GILBERT: I wasn't into it.

EISENBERG: That's good.

GILBERT: I was happy to take those Ace bandages off and get rid of the birdseed.

EISENBERG: And move on.

GILBERT: Feed the birds and move on.

EISENBERG: Feed the birds.


EISENBERG: So, "Eat, Pray, Love," huge female readership. A lot of guys read it too. But I know that, I mean it changed women's lives.


EISENBERG: And I think that must've been a lot of responsibility for you to bear, that you're writing a memoir about your life, about some things that you decided to do, some choices you make...


EISENBERG: ...and all of a sudden you were like a self-help guru for these people that are using it as an instruction manual.

GILBERT: Well, I tried to tell them - first of all, I thank them.


GILBERT: I'm very glad that they're all using it as an instruction manual, in one regard. But I also do try to make clear to them, you know, this doesn't mean that everybody has to get divorced and move to India.



GILBERT: But if you want to, you go ahead and do it. But I, I mean in all seriousness, the thing that I do try to convey is, don't do what I did - but ask what I asked.

EISENBERG: And now you return to writing a novel. You've written novels before. This book, "The Signature of All Things," this is set in the 19th century.


EISENBERG: And we follow this woman, Alma, who is a botanist?

GILBERT: Yes. Birth to death story of a very passionate toweringly intellectual 19th century woman of science.

EISENBERG: And it's written in a language that really evokes the 19th century. How - did that come natural to you? I mean it's...

GILBERT: I told you about my upbringing, right?


EISENBERG: Oh, that's right. You're like...

GILBERT: I was essentially raised in the 19th century. And, but I did grow up reading, I'm a 21st century writer but I'm a 19th century reader. But mostly that I didn't get the language of my novel mostly from that. I got it from reading a lot of 19th century letters, because that's where you can hear people's speaking voices.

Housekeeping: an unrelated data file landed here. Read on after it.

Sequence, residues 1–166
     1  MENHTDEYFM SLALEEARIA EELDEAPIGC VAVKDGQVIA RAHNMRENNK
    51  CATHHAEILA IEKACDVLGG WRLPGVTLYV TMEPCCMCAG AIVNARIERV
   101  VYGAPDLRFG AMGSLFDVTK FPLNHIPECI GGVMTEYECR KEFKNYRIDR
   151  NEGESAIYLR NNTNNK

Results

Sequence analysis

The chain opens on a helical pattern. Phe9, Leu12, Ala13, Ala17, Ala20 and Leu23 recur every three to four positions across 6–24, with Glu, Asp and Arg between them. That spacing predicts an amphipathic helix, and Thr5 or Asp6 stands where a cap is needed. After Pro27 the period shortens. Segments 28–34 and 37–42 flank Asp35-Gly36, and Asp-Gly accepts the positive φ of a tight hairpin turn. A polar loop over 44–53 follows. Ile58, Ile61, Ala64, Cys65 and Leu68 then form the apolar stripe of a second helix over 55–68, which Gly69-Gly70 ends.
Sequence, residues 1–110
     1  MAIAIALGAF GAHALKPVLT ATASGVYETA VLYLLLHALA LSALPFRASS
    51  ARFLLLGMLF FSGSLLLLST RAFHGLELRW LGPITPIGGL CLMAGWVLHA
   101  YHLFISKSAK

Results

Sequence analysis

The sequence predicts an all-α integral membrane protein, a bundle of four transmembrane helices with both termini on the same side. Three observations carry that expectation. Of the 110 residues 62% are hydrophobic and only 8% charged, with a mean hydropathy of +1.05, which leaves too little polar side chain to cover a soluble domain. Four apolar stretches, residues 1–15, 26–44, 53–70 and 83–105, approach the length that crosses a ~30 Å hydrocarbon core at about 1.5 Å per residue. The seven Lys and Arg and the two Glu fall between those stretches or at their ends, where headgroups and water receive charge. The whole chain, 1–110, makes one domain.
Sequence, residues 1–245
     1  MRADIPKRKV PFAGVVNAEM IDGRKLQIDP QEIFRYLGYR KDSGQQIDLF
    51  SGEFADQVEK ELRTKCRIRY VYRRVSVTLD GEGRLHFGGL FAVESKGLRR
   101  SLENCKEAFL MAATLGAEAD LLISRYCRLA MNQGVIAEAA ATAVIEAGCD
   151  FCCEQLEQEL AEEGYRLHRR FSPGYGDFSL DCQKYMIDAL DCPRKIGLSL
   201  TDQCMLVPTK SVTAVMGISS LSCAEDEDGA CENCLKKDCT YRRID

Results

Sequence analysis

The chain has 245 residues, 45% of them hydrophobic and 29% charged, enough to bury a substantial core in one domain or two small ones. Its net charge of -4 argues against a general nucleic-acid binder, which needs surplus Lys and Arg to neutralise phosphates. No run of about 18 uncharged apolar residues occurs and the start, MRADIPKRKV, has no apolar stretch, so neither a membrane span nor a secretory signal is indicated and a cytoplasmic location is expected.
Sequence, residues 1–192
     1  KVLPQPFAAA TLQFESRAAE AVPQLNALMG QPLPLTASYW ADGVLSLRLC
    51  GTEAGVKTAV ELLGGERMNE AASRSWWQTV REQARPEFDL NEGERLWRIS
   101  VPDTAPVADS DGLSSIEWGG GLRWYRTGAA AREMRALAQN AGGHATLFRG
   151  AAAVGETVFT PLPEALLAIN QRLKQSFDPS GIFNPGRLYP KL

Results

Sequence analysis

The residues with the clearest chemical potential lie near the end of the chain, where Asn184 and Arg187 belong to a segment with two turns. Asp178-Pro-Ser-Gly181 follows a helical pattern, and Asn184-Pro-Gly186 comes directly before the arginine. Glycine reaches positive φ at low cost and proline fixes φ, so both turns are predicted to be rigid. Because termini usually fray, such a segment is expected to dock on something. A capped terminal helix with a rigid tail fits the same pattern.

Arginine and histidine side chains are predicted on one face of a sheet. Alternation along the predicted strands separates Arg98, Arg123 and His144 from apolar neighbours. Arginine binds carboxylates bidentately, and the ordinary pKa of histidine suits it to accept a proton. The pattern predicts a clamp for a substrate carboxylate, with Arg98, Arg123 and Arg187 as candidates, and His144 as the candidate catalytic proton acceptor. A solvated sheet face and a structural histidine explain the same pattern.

EISENBERG: Oh yeah. So you dove and you did like a huge amount of research?

GILBERT: Three years of research. Yeah. On botany and evolution and missionaries and abolition and 19th century erotica, t5hat was really fun to research.

EISENBERG: Oh yeah. So, right, because you have some steamy scenes.

GILBERT: Yeah. It's a little sex.

EISENBERG: So, yes...

GILBERT: There's a little heat.

EISENBERG: So yeah, where did you...

GILBERT: There's a little sizzle.



EISENBERG: Where did you go to read that? Or who do you check how that works?

GILBERT: It's funny, a lot of it...



EISENBERG: It was steamy. I got to say, it's...

GILBERT: Where do you check how that works...


GILBERT: ...is such a great question. You got to - a lot of it was really interestingly disguised in the 19thh century as medical journals, so it would sort of be in the voice of a learned doctor talking about somebody's pathologies, and then it would just get really detailed, and then it would get really sweaty. And then you're like, this isn't a doctor. And...


GILBERT: So I got to read a lot of that, which was great.

EISENBERG: Dr. Feel Good.



GILBERT: I - I would like to see a degree, mister - if you are a mister.

EISENBERG: Well, I think it's a fantastic book. And I think Oprah should start a mosque club to further support what you're doing.

Elizabeth Gilbert, would you like to play a little ASK ME ANOTHER challenge with us?


EISENBERG: OK. Fantastic.


EISENBERG: Elizabeth Gilbert, everybody.


EISENBERG: So Elizabeth, we wanted to find you a worthy opponent. And I think we did very well.


EISENBERG: Please welcome Gabriel Hamilton.


EISENBERG: Now Gabriel has her own memoir, "Blood, Bones & Butter." So we know she was no stranger to the game of love. And she knows her way around the kitchen, because she has an amazing restaurant in New York called Prune.

This is a game called: Eat, Pray, Love. What we're going to do is name a few things and all you have to do is tell us, is it a food that you eat, A deity that you would pray to, or a famous person or a fictional character that you would love at least if you were that person's lover.


EISENBERG: Jonathan Coulton and I are going to be alternating questions between you two, so there's no need to buzz in. You just tell us eat, pray or love.


EISENBERG: So we'll start with you, Gabriel. Cressida - would you like to know how that's spelled?


GILBERT: It's C-r-e-s-s-i-d-a?


GILBERT: OK. Well, I want to pray and love.


GILBERT: But can I pray?


EISENBERG: You can pray, but you might want to pray for an answer because it's not that one.